Verdict: 1.5 / 5
It’s hard to deny the visual splendor of Kingsglaive: Final Fantasy XV, a CGI manifesto starring an impressive voice cast that includes Game of Thrones’ Sean Bean and Lena Headey. Despite its strong production value and photorealistic animation, the story will leave the biggest fans crosseyed in confusion. I’m starting to believe it’s impossible for video games to crossover into films.
[dropcap]W[/dropcap]hen you think about it, Takeshi Nozue’s Kingsglaive: Final Fantasy XV is essentially a really long cutscene designed to introduce the audience to the upcoming video game. Yes, it’s two hours long. Yes, it will be screened in cinemas. Yes, it has a beginning, a middle and an end. Yes, it has characters. But it’s not a movie. At least, it shouldn’t be. It wants to be a mashup of Game of Thrones, Lord of the Rings, Star Wars, and Dune, but feels lost.
The story involves King Regis, who oversees the land of Lucis and commands an army of soldiers (dubbed the Kingsglaive) to protect the kingdom from the Niflheim empire’s plans to steal the sacred crystal which gives Lucis its magic and power. Or something like that.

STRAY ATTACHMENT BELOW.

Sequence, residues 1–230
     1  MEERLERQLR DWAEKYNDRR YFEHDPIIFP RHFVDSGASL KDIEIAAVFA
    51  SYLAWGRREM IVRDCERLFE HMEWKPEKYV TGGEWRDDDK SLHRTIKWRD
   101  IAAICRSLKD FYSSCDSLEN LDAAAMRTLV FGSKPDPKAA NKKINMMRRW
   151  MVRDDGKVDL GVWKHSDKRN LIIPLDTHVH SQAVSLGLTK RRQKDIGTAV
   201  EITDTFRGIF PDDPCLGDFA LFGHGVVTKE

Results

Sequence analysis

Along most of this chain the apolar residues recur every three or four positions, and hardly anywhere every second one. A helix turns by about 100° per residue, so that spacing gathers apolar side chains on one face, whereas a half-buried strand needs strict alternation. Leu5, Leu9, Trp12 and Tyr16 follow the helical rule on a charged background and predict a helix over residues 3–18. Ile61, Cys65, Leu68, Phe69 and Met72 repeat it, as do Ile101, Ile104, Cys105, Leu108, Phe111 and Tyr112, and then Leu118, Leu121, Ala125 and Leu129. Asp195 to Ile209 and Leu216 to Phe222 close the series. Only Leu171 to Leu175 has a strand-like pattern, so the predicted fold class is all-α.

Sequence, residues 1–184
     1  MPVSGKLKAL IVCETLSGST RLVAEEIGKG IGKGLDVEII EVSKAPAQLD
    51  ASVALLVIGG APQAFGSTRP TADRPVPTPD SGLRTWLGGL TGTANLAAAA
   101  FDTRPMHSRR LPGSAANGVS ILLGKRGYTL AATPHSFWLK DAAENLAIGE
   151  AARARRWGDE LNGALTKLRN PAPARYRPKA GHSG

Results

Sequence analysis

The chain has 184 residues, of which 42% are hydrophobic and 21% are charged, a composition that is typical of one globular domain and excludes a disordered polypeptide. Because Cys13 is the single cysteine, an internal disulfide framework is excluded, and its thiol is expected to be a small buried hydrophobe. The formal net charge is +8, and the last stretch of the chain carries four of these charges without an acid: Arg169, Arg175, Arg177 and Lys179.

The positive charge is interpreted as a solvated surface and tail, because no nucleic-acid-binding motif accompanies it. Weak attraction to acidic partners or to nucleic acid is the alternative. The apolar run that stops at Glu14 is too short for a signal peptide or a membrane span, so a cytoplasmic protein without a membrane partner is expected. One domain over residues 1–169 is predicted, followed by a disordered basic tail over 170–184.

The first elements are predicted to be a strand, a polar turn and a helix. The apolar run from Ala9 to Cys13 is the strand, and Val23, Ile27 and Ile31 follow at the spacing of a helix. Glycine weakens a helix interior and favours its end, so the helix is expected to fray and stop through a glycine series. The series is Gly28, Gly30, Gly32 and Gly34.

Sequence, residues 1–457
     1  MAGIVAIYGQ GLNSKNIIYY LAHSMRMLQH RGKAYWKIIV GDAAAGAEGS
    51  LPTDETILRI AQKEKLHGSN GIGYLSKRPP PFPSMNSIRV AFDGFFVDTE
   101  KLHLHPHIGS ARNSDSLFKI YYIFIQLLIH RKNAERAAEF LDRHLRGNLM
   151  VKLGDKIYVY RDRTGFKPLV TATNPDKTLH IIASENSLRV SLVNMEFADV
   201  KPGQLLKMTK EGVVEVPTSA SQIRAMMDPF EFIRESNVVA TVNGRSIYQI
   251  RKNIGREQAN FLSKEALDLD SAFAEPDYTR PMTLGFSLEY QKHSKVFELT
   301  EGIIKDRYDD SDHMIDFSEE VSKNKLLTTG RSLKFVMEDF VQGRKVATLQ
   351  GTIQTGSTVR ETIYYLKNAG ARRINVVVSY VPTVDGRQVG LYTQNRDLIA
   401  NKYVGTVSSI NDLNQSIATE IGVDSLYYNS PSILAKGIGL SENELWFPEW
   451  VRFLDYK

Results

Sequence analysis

You need to be a big fan of the series to have a personal connection to what’s happening. The action set pieces are exciting and will definitely entertain gaming fans, but everyone else will suffer from severe whiplash and boredom. It’s a whirlwind of gods, monsters, crystals, robots, future tech, wizardry, sword battles, kings, knights, princesses, and magic. Sadly, much of the action (which is accompanied by a thundering soundtrack) is hard to follow and the characters, despite being rendered by the greatest engines, feel stiff and lifeless – mostly due to the terribly wooden dialogue and cold stares.
Yes, Final Fantasy: The Spirits Within was a much better film.
In short, Kingsglaive: Final Fantasy XV is a beautiful soulless mess – a technological achievement with a story that’s almost impossible to follow. Unfortunately, Square Enix has saved all the good stuff for the game.